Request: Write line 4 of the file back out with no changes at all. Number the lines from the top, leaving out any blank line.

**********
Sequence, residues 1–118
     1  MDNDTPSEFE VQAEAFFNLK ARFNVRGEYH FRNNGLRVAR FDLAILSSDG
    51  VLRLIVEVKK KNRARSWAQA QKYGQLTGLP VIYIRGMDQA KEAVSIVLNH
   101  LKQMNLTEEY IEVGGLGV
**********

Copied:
   101  LKQMNLTEEY IEVGGLGV